Religious fundamental parents and their children's education

Is it child abuse to teach Christian fundamentalism to ones children?

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Re: Religious fundamental parents and their children's education

#21  Postby Chris Putnam » Apr 16, 2018 7:05 pm

[quote="aban57";p="2626959" We could also forbid the teaching, in all schools, not just public ones, of anything that is not supported by a solid amount of evidence. That would solve the problem within a handful of generations.[/quote]


Unfortunately people will not agree as to the strength of the evidence about various ideas, be those ideas religious or scientific. A christian will insist that the evidence for the historicity and accuracy of the Bible is sufficient to warrant their faith, and others will repudiate that notion. This debate rages on and on with both sides standing their ground. It has been said by others that "whoever controls what is taught in the schools, controls the minds of the next generation". I agree with the idea that critical thinking needs to become a way of life. Censoring school curriculum by the government, especially that of private schools, has and always will be a battleground. This is definitely the case in America. Should people be free to practice their religious faith without interference from the government? This question itself leads to a firestorm debate. A complex issue in a pluralistic land.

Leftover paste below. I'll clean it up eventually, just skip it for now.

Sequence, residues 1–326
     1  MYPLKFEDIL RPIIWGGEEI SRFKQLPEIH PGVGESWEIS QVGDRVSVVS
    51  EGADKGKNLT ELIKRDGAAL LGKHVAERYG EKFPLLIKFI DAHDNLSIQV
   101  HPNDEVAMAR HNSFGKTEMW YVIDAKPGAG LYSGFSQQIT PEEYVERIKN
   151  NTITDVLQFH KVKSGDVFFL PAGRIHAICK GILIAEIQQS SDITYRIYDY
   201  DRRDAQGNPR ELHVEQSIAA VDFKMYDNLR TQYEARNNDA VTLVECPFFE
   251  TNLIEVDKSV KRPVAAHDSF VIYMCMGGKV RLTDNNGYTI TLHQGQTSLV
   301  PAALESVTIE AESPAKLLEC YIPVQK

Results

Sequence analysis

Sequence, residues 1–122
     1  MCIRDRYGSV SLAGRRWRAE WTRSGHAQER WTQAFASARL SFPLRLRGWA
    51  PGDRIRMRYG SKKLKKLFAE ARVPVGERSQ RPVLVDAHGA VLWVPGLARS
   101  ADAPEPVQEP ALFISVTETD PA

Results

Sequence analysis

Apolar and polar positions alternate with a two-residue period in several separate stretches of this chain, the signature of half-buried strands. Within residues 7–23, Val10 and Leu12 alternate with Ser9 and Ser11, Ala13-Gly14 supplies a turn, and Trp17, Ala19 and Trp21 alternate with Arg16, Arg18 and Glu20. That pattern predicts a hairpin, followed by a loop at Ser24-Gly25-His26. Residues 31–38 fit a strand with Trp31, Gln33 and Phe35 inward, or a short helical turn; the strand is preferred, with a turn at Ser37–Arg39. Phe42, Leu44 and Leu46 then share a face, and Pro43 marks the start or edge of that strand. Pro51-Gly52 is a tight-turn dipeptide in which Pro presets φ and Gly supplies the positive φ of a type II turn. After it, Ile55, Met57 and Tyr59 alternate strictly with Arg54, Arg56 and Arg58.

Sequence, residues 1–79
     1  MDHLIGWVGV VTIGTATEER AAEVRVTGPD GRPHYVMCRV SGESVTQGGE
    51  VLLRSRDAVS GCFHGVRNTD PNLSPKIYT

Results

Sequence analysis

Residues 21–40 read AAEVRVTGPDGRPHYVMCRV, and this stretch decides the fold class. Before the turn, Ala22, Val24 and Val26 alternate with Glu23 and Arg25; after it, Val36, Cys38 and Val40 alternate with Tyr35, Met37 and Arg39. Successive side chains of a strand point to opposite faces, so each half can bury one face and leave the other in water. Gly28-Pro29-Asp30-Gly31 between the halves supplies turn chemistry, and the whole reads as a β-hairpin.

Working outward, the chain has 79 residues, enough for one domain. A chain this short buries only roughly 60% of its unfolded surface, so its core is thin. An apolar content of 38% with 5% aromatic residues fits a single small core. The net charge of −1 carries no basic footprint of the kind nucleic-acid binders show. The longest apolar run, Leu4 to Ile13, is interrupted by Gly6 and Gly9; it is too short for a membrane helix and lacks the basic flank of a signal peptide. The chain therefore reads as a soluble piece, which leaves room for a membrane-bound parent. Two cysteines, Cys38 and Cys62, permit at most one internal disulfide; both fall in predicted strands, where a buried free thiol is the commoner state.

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Re: Religious fundamental parents and their children's education

#22  Postby SpeedOfSound » Apr 16, 2018 9:26 pm

Chris Putnam wrote:Across America there are countless christian fundamentalists who send their children to such school as the parents see fit to teach their religious viewpoints. Countless others teach their own children in a home school environment. These children are taught strict Biblical doctrine regarding many topics from young Earth creationism to the return of Christ in the Book of Revelation and everything in between. This is also done in other religions such as Islam, Mormanism, etc. Should these practices be allowed. I know of some who view this as a form of child abuse.

Comments anyone?

I just found out that my niece, who I had great hope for, converted to Fundie and is home-schooling her children. They just visited the Noah's ark museum. My nephew has adult children, in Texas (go figure), that were home-schooled as fundamentalist and strict, no music, no dance, xtians. His son disappeared off the earth for awhile and then appeared one day at their door. He proceeded to try and stab his parents to death. Then he disappeared for a few years again and recently was found to be living in his car in Oregon with his new wife and two children. He is now also claiming to have become a she. :?

(anecdotes) but fuck!
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Re: Religious fundamental parents and their children's education

#23  Postby SpeedOfSound » Apr 16, 2018 9:29 pm

Chris Putnam wrote:I don't think it is abuse.

I think it is the worst kind of abuse. Better yet, in the case of my great nephew above, his mom sexually abused him and his being home-schooled allowed the abuse to go on undetected.